I saw The Fountain in 2006, and remember just how disappointed the audience was when they announced that Darren Aronofsky would not be present for the film. So I held out no hope that he would show last year. Then Cameron Bailey came on, by himself, at the scheduled start time of the movie and announced that the screening would start late, because Aronofsky was on his way. By the time he finally arrived – 20 minutes late – the Ryerson was rocking. It really was like being at a wrestling match, as the audience was screaming and yelling to get things started, and when Aronofsky stepped on stage, you would have thought it was a rock star. This alone would have made the screening memorable, but then the movie was an absolute masterpiece – the best I saw at last year’s festival – and by the time Bruce Springsteen’s closing song starting playing, I was crying like a little girl, and was barely able to compose myself, before walking out in front of 2,000 people. No one noticed though – half of them were also crying.

1. Breakfast on Pluto (Neil Jordan, 2005)
For the sheer virtue of being my first ever TIFF screening, this would have been on the list. But when you add in everything that happened around the screening, I had to put it at number 1. After standing outside the Ryerson for an hour waiting to be let in, they finally let the line start moving. As soon as I got to the part where the line crosses the Red Carpet, they stopped me. I was pissed, I wanted to get inside, but they had to let some VIPs in first. First, the star of the movie Cillian Murphy walked by, and I thought that was pretty cool. Then Bono came up the carpet. He was shaking everyone’s hand, so I stuck my hand out, and he shook it and moved it. Pretty cool, but nothing compared to what happened inside. I choose a seat behind a short, bald guy, thinking there was no way he would obstruct my view. I heard him talking to his wife, and although I knew the voice, I couldn’t place it. As I was trying to figure out who it was – I assumed maybe someone from work – he turned around, and in surprise I said aloud “Bob Hoskins!!” He was incredibly nice, and we talked for a minute or two, and then a tall, red head walked by, and to my surprise, Hoskins slapped her in the ass. The red head? Miranda Richardson. So that day, my first TIFF screening ever, I shook Bono’s hand, talked to Bob Hoskins and Miranda Richardson, and saw a movie that was actually quite good. I never again got that close to celebrity again, but it is something that I will never forget.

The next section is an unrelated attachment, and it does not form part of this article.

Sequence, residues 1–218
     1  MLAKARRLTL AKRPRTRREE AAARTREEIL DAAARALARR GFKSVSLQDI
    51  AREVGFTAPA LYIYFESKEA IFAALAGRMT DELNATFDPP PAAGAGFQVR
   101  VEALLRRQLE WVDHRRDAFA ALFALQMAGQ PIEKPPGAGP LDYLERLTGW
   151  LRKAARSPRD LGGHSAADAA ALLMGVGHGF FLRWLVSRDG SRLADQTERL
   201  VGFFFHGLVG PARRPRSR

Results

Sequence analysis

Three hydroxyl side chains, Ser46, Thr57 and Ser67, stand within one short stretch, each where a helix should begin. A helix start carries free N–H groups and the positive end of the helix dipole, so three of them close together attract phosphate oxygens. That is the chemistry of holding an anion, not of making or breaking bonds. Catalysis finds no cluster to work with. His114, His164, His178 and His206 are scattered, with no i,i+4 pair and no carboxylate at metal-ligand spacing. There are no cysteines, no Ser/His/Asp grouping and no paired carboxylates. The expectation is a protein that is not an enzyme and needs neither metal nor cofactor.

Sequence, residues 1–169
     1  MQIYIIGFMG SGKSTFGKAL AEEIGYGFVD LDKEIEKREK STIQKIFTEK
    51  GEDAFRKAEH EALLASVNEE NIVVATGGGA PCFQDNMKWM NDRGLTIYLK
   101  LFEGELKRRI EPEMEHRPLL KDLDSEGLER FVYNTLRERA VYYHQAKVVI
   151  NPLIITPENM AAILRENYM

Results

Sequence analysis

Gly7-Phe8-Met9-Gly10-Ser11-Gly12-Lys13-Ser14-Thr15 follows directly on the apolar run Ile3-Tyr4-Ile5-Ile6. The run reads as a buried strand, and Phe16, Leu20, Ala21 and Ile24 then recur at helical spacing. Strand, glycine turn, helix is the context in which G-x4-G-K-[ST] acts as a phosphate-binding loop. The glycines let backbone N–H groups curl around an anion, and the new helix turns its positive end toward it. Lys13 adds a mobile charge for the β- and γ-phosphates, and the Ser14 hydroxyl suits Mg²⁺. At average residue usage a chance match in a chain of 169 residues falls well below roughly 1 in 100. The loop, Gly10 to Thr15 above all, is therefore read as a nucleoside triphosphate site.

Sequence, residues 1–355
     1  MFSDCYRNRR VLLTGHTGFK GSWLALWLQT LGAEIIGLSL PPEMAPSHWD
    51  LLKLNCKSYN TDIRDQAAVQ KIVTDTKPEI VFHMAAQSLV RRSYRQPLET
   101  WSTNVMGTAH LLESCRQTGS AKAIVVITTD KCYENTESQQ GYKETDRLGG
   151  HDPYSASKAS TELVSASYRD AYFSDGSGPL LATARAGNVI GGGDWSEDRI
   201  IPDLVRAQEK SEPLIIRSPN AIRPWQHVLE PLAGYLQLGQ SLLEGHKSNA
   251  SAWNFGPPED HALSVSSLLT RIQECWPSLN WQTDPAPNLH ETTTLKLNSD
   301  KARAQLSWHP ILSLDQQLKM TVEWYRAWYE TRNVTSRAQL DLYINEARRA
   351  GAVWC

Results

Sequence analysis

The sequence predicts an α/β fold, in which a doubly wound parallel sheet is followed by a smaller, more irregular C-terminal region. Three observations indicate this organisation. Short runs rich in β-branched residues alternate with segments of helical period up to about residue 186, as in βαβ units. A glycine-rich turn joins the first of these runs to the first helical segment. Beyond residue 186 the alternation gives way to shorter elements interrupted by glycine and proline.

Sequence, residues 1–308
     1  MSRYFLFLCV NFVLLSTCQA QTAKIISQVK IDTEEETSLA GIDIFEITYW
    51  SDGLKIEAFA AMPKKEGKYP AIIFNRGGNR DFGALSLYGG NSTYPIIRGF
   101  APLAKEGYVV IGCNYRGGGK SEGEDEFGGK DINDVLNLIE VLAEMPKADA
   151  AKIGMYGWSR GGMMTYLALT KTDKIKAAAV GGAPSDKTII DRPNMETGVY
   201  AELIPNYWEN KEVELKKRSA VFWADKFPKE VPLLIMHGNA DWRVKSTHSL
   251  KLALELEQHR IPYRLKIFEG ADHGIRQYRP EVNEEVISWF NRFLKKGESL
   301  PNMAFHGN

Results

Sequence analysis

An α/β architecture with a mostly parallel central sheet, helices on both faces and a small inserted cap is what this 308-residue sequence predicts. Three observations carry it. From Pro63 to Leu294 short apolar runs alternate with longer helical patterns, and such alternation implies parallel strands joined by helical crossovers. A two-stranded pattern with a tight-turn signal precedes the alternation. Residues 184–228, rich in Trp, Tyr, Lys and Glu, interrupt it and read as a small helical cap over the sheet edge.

No comments:

Post a Comment